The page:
Alabama’s First Road Sign

Ellicott Stone replica

It’s funny how elements of old controversies can become topical again, even 200 years later.

Tim James, who was defeated in his bid to be the Republican candidate for governor, brought attention to Alabama with his commercials about having driver’s license tests printed in English only.  (You may recall that his campaign ads were controversial nationally and satirized on YouTube.)  His reasoning was that “Here in Alabama, we speak English.” Thus, the state has no obligation to offer the driver’s license tests in other languages.

While visiting the Museum of Mobile this summer, I was struck by an exhibit that would seem to set a different tradition for our state.

As you’ll recall from your early Alabama history lesons, some of the first Europeans to arrive in Alabama were French and Spanish (obviously the Native Americans had been here and doing just fine until then, but that’s another story). Apparently settlers were squablling over exactly where the U.S. Territory ended and the Spanish Territory began, so both sides decided to settle matters with the Treaty of San Lorenzo el Real and commission a joint Spanish/American survey effort.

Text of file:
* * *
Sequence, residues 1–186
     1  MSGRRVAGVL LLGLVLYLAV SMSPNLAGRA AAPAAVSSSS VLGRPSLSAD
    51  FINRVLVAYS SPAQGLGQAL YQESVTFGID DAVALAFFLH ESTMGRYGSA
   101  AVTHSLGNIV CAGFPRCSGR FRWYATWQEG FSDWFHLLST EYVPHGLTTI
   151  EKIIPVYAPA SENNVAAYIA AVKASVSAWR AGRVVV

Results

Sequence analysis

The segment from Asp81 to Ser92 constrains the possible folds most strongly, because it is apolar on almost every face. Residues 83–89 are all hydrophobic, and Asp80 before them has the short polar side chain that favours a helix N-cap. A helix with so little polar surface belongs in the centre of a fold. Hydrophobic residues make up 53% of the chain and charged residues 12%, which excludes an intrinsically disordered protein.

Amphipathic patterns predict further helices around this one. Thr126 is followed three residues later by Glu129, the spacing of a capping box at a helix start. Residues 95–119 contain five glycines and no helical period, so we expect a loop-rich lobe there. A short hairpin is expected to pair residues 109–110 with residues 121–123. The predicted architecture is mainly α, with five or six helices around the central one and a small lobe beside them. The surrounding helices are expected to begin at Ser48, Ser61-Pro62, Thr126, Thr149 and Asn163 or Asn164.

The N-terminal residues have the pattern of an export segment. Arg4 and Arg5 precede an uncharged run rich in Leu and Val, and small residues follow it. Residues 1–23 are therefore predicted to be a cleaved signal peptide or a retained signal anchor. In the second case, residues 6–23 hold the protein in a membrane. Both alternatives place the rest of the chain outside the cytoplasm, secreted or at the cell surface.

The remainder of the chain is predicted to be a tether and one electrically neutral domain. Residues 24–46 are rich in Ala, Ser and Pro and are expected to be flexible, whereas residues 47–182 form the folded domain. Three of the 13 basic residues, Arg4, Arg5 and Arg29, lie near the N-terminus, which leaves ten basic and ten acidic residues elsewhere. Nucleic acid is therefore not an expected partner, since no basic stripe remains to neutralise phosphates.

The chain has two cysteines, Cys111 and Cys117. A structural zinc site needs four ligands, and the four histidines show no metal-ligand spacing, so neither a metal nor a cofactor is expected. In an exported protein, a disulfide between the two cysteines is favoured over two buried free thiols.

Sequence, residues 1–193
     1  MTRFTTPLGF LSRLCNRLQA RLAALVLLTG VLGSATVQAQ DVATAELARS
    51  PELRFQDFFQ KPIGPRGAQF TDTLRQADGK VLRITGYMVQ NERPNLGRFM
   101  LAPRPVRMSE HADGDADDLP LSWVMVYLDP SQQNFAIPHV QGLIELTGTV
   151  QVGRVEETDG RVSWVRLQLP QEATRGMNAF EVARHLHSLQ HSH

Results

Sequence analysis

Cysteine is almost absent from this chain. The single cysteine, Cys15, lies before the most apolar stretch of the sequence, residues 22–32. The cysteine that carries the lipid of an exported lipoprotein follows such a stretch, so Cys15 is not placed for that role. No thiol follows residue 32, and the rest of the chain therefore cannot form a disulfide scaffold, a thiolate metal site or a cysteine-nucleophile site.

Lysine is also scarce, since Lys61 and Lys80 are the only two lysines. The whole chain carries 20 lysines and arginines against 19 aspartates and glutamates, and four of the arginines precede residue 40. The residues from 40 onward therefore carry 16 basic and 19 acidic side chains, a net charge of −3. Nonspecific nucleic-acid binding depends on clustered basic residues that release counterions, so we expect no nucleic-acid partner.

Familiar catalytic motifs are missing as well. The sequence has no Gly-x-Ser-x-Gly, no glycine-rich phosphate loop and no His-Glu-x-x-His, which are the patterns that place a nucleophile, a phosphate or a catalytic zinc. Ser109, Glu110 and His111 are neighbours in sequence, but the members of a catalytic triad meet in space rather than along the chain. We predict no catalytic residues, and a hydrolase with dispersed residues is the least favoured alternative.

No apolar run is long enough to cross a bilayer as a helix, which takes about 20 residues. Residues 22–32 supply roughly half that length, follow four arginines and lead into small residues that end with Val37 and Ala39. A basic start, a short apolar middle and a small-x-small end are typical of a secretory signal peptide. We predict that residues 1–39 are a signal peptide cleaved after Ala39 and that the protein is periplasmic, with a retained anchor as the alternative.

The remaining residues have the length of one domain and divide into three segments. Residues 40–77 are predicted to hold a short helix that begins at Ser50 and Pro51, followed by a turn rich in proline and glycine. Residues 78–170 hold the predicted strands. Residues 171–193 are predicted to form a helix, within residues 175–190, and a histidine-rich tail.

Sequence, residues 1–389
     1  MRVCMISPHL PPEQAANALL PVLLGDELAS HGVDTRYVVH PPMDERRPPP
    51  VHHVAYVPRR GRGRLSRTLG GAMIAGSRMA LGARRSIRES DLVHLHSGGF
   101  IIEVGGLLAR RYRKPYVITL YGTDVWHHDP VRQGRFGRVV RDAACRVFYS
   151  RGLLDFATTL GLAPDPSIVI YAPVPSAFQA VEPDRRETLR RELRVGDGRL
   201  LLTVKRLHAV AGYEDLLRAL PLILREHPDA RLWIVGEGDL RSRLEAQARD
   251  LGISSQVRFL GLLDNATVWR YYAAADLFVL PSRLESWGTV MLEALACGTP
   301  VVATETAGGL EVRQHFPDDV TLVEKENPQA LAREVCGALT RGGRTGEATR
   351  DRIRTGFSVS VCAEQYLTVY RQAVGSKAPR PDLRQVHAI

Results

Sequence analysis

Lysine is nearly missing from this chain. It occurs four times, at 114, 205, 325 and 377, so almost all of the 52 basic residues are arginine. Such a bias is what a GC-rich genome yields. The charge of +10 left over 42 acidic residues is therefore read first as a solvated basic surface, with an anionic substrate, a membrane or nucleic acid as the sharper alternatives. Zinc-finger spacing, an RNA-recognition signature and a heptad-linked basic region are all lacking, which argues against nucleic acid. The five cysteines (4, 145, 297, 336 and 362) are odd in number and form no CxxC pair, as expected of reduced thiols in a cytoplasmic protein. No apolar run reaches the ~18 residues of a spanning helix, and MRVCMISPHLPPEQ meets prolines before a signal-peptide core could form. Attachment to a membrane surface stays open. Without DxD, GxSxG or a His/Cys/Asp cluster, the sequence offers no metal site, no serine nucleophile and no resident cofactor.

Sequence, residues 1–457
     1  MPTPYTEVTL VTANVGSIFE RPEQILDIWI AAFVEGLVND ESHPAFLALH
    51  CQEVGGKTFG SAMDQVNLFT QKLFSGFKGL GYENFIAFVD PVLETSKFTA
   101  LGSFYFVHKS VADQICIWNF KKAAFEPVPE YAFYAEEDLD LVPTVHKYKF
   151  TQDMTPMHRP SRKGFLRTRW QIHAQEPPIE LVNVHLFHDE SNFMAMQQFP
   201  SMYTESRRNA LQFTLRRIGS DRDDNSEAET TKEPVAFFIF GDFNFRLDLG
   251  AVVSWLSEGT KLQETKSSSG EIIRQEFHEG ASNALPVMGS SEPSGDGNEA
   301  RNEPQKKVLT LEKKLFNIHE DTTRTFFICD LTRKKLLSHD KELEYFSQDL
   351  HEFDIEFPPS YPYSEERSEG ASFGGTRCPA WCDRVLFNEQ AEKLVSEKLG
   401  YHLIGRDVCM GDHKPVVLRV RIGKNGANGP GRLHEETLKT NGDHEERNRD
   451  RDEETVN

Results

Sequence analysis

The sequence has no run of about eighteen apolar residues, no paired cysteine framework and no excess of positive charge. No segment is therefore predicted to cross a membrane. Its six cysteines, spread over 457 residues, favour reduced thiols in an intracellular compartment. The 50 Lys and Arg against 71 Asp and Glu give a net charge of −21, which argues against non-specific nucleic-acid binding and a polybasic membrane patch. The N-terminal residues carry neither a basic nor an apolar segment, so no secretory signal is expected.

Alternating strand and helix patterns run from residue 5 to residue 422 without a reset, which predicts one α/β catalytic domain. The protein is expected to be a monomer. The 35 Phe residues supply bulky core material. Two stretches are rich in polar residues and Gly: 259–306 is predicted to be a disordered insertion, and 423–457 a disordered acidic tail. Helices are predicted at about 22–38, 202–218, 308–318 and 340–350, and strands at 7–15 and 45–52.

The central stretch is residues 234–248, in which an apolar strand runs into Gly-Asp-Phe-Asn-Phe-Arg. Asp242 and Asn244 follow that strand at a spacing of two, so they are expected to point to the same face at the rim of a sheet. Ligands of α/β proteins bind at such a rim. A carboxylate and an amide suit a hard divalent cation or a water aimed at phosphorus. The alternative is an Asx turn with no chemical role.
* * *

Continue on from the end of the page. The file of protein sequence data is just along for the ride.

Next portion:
No less than George Washington himself selected the American surveyor, Andrew Ellicott, while Spain chose its own surveyor. The surveyors came to an agreement about where the territories diverged and on April 10, 1799 placed the Ellicott Stone to mark a line along the 31st parallel. The stone still stands today about 20 miles outside Mobile, and apparently any good surveyor or civil engineering major knows Ellicott’s Stone as an international marker and basis for surveys of the Mississipi/Alabama southern region.

And how did those surveyors mark the stone? By engraving it in English on one side (U.S. Lat. 31 1799) and Spanish on the other (Dominio S.M. Carlos IV, Lat. 31, 1799). Pictured here is the replica of the stone on permanent display at the Museum of Mobile.

So, interestingly, Alabama’s very first roadside marker, still standing today, was ”written” in both Spanish and English over 200 years before Tim James made English-only driver’s license tests a campaign issue.

As Tim himself famously said, it just makes sense…